[In fact, as of April 4, 2012, I am not going to update this entry any more. There are now numerous ways for applying an untethered jailbreak with baseband preservation for iOS 5.0.1 to the iPhone 4 & 4S (sn0wbreeze, redsn0w, absinthe), as well as unlocked iPhones available directly from Apple. There is simply nothing more to report. There are no so many practical ways to possess an unlocked iPhone 4 & 4S that I consider the matter closed. Thanks for reading.]

(NOTE: This entire post applies to the iPhone 4 supplied by AT&T and designed for use on GSM networks, with a microSIM card slot on the right side. The new iPhone 4 on Verizon works on a completely different network architecture known as CDMA and does not handle SIM cards.) 

To quickly sum up my earlier post: if you want to use your US-based, AT&T Wireless-networked iPhone 4 in Israel inexpensively (not paying AT&T's international rate which is $1.99/min and $.50/SMS msg), your best bet is to unlock your phone, making it a universal GSM phone. Then, when you go to Israel purchase at a cell provider kiosk a Pay-As-You-Go GSM SIM card. For example, I use a plan provided by Orange Israel called Big Talk (here's a link to the Hebrew page). I've got my own personal phone number in Israel, which doesn't expire because of non-use. Voice and data prices are much more reasonable with a domestic PAYG card, more like $0.22/min for a domestic Israeli call and an additional $0.07 to US or Europe; SMS to Israel at $0.14 and to the US at $0.24. You can even get 3G with a data plan (please see the update below, dated July 16, 2011). Free wifi abounds, so don't worry about the Internet when in Israel. Even if you are going for a short visit, it pays to go this route.

Sounds wonderful, right? The trick is that you must unlock your iPhone 4 so it can accept a non-AT&T GSM microSIM card. And that ain't easy. Before you can unlock your iPhone, you need to jailbreak it. As I said in my previous post:

To "jailbreak" is to alter (read: increase) access to the phone's operating system and perform modifications on the phone not allowed by Apple and its monopolistic app store. To "unlock" a phone is to render the iPhone into a universal multi-band GSM phone.

Neither of these steps is easy. But be warned: avoid all the web sites claiming to unlock your phone for a fee. THEY ARE ALL SCAMS, either claiming to do something that can't be done, or charging you for something you can do yourself.

Right now (and I mean literally as-of-today -- things change quickly in this field), anyone who has bought an iPhone at AT&T or the iPhone store in the last 4 months is shit out of luck. To put it more precisely: if your iOS is above 4.0.1 and your "baseband" is above 01.59.00 you are stuck & are unable to unlock the phone. (<--See updates below)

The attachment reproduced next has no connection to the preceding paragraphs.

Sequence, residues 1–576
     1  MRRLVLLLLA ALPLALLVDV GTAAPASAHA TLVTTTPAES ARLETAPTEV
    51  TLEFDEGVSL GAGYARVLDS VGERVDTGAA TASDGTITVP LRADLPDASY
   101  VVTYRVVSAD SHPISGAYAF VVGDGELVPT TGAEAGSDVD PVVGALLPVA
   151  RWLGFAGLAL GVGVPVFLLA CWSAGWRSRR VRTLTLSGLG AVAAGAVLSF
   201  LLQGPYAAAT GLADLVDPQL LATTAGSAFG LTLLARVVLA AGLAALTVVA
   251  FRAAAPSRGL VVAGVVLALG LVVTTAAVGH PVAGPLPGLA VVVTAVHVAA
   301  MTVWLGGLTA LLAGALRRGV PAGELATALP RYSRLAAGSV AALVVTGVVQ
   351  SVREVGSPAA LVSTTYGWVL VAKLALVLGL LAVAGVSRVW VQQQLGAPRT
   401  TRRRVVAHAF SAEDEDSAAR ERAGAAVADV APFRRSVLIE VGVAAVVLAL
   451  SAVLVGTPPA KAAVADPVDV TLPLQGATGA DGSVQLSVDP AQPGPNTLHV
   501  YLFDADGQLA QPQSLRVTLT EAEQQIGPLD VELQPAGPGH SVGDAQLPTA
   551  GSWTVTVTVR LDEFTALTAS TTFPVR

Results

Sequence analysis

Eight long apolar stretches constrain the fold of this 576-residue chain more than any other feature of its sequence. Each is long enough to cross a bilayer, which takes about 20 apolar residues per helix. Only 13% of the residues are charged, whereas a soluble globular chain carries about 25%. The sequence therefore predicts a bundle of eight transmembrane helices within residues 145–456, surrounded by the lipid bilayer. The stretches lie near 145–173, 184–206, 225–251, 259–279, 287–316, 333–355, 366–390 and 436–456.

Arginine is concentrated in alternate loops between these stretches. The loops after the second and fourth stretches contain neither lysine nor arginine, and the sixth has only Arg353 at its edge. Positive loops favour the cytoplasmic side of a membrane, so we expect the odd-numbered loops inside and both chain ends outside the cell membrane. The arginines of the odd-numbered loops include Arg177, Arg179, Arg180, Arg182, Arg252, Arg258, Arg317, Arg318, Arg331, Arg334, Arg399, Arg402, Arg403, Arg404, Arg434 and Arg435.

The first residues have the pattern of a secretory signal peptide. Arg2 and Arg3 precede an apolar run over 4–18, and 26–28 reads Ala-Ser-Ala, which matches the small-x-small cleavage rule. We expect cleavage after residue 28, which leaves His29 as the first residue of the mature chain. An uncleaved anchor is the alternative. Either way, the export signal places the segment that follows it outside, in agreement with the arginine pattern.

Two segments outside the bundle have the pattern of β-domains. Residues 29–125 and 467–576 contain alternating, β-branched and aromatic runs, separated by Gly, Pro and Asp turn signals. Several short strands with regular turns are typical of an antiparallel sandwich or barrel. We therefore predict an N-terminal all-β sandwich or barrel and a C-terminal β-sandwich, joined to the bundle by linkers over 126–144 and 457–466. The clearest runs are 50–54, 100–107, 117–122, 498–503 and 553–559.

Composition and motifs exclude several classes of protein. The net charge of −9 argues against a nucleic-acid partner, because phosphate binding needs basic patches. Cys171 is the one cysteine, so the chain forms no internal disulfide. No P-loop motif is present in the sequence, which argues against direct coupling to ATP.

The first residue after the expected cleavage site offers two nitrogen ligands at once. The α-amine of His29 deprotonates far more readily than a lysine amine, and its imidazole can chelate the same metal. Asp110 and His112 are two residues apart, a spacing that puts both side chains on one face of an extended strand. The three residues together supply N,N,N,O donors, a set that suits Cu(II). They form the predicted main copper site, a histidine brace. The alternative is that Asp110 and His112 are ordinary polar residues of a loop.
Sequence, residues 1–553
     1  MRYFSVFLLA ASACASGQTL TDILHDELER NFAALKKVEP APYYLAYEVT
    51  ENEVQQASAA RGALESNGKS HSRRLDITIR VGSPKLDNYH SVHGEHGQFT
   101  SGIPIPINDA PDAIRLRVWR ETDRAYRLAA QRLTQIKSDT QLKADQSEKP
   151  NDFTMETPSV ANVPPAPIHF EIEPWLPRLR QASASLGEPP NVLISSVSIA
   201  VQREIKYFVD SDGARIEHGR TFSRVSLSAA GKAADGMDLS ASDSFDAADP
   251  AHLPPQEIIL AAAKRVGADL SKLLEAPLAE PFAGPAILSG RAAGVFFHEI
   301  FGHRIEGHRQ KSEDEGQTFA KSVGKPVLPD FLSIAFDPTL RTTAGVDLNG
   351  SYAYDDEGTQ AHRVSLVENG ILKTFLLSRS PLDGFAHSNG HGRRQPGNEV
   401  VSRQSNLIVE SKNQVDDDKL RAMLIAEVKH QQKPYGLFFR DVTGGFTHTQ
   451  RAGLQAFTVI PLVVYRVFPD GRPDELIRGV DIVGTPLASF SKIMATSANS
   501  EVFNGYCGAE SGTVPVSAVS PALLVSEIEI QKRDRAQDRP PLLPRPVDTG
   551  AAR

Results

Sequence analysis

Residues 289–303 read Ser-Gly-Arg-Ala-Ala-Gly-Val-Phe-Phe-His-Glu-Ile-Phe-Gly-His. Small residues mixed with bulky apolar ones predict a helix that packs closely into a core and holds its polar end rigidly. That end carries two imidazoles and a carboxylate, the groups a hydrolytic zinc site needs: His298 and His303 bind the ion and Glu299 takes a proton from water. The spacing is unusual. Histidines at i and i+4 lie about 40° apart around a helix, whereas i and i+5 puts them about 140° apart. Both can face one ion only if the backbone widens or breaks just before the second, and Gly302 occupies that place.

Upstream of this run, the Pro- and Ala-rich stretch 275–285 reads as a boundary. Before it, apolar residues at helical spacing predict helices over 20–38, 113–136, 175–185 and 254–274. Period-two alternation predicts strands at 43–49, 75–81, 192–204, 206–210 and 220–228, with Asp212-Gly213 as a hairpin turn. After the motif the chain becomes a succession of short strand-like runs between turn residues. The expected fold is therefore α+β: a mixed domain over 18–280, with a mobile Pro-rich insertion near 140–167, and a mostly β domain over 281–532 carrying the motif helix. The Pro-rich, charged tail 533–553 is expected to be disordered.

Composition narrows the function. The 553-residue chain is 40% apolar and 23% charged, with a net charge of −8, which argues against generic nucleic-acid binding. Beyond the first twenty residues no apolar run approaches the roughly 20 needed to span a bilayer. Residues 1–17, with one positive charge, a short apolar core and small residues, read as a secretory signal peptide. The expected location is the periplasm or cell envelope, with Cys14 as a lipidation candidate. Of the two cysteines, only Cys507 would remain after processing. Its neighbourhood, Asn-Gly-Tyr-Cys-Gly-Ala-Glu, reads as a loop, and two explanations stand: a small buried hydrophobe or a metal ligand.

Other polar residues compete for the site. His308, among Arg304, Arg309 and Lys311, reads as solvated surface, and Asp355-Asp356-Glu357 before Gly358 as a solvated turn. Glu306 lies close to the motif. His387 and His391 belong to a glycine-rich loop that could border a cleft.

(To find out what your iOS and baseband are, go to Settings-->General-->About. Look at "Version" for your iOS and "Modem Firmware" for your baseband. Just what is a "baseband"? It's the software and separate processor that handles most matters pertaining to the phone's antenna and phone/"radio" functions.)

iOS 4.0.1

(See Updates below -->) Now, if your iOS on your iPhone 4 just happens to be 4.0.1 (and no higher - not even one decimal!) there is a way for you to unlock your phone and take it to Israel or anywhere else in the world, buy a local PAYG microSIM card, and have a great time paying significantly cheaper rates. Here is a link to a reliable web site with clear step-by-step guides. One other thing -- until the Israeli cell companies start selling microSIM PAYG cards, you'll need a specialized cutting tool, very inexpensive and easily available, to cut the plastic down to the right size to fit in the iPhone 4's microSIM slot. See my earlier post (Update 3) where I discuss the cutting tools.

As of a few days ago (I'm writing on Nov. 25 2010) Apple released iOS 4.2.1 with baseband 3.10.01. If you are in my situation (a successfully unlocked iPhone 4 using an "old" jailbroken iOS and unlocked baseband), you cannot touch this latest firmware upgrade, just like you could not go near its predecessor iOS 4.1. Instead we have to wait until the hackers out there produce an unlock for the new baseband, and a few other tricks. When that happens I will be very happy, and I promise I will let you all know.

Update 1 (Nov. 29 2010): A new version of the unlocking software ultrasn0w was released this past weekend, and while it provides a path for unlocking the iPhone 3G & 3Gs on the latest iOS firmware 4.2.1, it does nothing to help iPhone4 users using an iOS above 4.0.1 or a baseband above 01.59.00. Basically the baseband of the older phones is very different from the baseband of the iPhone4, and the hackers haven't released a solution. So for iPhone4 users, nothing has changed with this release of new unlocking software.

iOS 4.2.1